>Full of writerly zeal and resolutions, at the beginning of this year I signed up for lots of UK writing and publishing conferences, and today was the £42 Writing Industries Conference in Loughborough.
I’m so glad I went! It was fascinating not only because of all the fantastic authors and agents and the heady feeling of mingling with all the other like-minded budding writers, but because a lot of what was discussed was also relevant to my job at Unruly Media and I love it when these two passions collide.
Here’s a brief overview of the comment-cream:
The End of the Print Age: Graham Joyce
Graham has been writing the ‘British weird tale’ for 20 years and has 18 books to his name, with several fantasy award wins. He is going to write the storyline for Doom 4.
Graham advises all new writers that when it comes to the printed book/ebook/traditional publishing debate, we must “face up or fossilise.” Ebook readers mark the end of the print age. A book is like a tardis – bigger on the inside than out, a portal to another world, and an ebook is a better tardis.
Where they have both versions, Amazon will sell versions of the ebook for every 10 hard copies.
He predics that it’s not about the best new ebook reader, it will be the cheapest and most convenient unit that will win.
Surviving as a writer:
He says his 20 years in the ‘word mines’ have toughened him up and to protect ourselves, he advises all writers to be as independent and diverse as possible. Here are ways writers can make money:
1. The advance
2. Digital streams
3. Teaching writing
4. Performance, live spoken word
5. Lectures, talks, workshops
6. Non-fiction writing
7. Develop your story into script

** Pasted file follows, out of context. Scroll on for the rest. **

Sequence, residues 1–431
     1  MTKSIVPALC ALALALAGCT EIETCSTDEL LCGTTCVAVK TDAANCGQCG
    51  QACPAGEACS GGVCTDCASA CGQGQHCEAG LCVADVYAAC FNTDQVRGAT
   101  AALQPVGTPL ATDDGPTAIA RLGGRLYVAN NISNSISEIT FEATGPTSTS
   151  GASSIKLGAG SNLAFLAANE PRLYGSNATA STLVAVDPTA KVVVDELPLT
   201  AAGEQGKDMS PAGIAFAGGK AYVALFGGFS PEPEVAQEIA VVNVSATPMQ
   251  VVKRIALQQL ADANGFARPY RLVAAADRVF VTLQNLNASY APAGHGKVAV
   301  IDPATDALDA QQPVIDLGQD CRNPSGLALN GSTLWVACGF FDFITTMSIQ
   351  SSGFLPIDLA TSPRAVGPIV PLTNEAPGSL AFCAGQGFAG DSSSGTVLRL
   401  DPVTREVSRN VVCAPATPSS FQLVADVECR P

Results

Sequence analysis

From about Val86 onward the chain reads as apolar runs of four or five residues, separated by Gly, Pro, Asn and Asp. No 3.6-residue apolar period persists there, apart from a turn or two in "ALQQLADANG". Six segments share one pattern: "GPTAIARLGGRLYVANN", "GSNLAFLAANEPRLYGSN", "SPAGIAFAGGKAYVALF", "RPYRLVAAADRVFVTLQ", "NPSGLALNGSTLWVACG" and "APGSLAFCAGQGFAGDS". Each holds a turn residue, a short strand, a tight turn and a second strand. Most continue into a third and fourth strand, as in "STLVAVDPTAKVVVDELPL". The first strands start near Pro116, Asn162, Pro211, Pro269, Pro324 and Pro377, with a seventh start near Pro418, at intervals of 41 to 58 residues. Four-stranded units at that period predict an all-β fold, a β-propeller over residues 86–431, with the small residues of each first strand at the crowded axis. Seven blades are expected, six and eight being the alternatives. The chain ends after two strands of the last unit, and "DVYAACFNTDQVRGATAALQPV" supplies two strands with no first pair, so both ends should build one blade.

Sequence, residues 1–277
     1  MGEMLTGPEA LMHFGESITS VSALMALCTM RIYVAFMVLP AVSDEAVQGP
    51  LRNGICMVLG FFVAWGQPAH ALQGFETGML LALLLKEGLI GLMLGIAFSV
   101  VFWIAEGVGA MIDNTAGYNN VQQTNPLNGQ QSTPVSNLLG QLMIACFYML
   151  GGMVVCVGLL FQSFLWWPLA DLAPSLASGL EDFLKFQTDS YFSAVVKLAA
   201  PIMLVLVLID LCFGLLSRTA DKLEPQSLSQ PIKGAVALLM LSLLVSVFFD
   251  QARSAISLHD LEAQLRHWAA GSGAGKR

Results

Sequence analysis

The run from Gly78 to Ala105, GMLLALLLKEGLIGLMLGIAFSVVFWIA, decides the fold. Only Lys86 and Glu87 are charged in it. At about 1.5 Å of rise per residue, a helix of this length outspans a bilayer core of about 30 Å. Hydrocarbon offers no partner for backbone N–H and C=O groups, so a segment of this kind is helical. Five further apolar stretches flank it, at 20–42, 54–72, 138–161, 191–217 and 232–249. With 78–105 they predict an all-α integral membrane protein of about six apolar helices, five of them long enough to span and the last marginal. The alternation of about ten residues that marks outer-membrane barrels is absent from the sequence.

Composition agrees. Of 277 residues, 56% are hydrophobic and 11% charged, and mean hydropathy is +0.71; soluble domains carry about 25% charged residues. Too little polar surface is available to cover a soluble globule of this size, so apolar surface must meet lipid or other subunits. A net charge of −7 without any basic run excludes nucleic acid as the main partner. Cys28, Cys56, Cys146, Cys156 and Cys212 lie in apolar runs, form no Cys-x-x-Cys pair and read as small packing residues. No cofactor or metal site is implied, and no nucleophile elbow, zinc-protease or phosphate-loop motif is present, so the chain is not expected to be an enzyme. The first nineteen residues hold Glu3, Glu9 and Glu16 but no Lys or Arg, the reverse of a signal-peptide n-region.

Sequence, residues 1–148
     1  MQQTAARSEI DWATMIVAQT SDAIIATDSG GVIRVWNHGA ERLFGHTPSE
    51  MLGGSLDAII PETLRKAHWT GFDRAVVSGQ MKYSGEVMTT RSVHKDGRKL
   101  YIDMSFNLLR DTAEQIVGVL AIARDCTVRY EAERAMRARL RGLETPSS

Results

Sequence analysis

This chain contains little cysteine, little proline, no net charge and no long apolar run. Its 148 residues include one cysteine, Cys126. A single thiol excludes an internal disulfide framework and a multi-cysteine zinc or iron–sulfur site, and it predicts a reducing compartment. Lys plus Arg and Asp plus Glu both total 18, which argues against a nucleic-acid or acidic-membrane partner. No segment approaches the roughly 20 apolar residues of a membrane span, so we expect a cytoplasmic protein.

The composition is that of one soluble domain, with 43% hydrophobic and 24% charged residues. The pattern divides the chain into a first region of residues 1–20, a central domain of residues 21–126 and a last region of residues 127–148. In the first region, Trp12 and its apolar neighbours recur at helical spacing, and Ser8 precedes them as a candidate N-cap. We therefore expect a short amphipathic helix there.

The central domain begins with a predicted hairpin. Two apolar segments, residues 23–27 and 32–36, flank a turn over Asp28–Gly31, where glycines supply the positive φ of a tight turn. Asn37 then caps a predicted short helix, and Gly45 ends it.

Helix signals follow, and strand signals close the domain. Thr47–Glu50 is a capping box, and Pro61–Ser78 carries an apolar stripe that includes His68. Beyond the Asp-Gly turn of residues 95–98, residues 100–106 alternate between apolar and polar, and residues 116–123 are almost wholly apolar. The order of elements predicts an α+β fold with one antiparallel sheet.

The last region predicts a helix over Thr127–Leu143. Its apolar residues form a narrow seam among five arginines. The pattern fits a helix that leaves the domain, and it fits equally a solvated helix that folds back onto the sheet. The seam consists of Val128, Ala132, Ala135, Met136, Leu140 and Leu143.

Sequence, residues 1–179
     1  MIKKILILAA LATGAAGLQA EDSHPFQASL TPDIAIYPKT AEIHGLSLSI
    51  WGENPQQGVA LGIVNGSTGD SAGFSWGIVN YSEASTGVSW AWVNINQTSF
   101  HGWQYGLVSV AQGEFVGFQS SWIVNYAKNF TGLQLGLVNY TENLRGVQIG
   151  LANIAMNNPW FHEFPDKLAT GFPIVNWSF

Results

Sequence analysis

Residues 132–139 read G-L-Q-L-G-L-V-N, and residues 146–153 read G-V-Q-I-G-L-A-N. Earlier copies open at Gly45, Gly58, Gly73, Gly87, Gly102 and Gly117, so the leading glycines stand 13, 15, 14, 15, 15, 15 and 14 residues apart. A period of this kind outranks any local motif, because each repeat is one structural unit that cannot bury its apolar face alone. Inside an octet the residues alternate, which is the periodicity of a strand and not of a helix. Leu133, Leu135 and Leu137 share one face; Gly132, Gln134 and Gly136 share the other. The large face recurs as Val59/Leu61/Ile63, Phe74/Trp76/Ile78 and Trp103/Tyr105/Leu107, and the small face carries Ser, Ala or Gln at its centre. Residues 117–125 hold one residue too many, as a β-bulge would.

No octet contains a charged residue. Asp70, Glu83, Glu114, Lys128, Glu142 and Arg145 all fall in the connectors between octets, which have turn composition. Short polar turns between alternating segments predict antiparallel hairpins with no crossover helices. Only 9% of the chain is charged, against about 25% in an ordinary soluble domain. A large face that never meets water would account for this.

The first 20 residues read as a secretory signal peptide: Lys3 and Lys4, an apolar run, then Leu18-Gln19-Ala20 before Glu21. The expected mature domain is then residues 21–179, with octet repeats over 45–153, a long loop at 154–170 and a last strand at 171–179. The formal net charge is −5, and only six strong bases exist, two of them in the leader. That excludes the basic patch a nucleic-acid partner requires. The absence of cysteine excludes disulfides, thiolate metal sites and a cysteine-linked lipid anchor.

8. Write online drama (e.g. Kate Modern)
9. Games writing
I found the last two points particularly fascinating, I’d never considered this before. As I work in online video, I really should have!
Do at least four of the above, and they won’t break your writer’s heart.
Graham finished on a lovely inspirational note, saying that people are hungry for narrative and though the vessels for story are changing, the stories themselves will always be in demand.
My favourite part of this talk was when I spotted the 80 year-old man sitting beside me write ‘GET WEBSITE’ in spidery capitals on his notepad.
I was given much more food for thought in the rest of the sessions, but the only other session which stood out was:
Everything You Ever Wanted to Ask an Agent
John Berlyne – Zeno
Oliver Munson – Blake Friedmann
James Wills – Watson, Little
So, here’s what the big cheeses at the agencies are looking for:
A good synopsis which gives a taste of the story, not overwhelmingly filled with plot points or themes. Should be just enough.
Nothing gimmicky, i.e. green ink, manuscript slipped under their toilet door.
Covering letter should be personalised and professional, don’t bother submitting if their website says they’re closed for submissions.
Don’t give them any reason to put book down within the first few pages: writing should be fantastic, attention-grabbing, start in the middle of the action.
Show that you’re serious and passionate about writing.
They are desperate to read something that will make them forget their cynicism – reading for pleasure is but a distant memory for them, try to rekindle this memory for them!
It’s their job to spot potential, so once you’ve done all of the above you stand a good chance of getting some feedback. They don’t have time to give feedback to most people though, so don’t be offended with a standard rejection letter.
I liked the sound of John Berlyne’s strategy. Not in the business of crushing anyone’s dreams, along with a standard form rejection he suggests some books which will show them how they can improve their writing. I had a quick look at the Zeno site and I like the fact they list resources for us, and that they only accept email submissions.
I was cream-crackered by 5pm so I legged it back to London. I bumped into one of the agents 3 times, she appeared to be running from one end of the train to the other fleeing from a wannabe author – I decided not to introduce myself, I felt sorry for her!
Overall the event was well-organised, though queuing for 35 minutes for lunch was a pain. If you go next year, bring your own. Wine at lunch would have been nice – this was a tongue loosener at the Verulam Writer’s conference ‘Get Writing 2010’ a few weeks ago. I think the venue was too small for 300 people, it got a bit claustrophobic.
I approved highly of the prominent Twitter hashtag #wic2010 displayed on the co-ordinator’s email signature, printed on the brochure. It was very handy for all 3 of the people using it to talk to each other!